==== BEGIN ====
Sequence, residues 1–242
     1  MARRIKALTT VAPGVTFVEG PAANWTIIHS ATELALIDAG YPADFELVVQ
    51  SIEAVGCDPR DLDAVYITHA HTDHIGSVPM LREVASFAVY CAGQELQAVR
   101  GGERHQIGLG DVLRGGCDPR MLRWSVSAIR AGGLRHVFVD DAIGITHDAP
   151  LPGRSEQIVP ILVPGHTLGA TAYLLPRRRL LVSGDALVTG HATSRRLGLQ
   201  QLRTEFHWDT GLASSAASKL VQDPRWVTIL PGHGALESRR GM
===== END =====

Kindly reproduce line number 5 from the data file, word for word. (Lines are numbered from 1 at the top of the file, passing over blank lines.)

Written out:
   151  LPGRSEQIVP ILVPGHTLGA TAYLLPRRRL LVSGDALVTG HATSRRLGLQ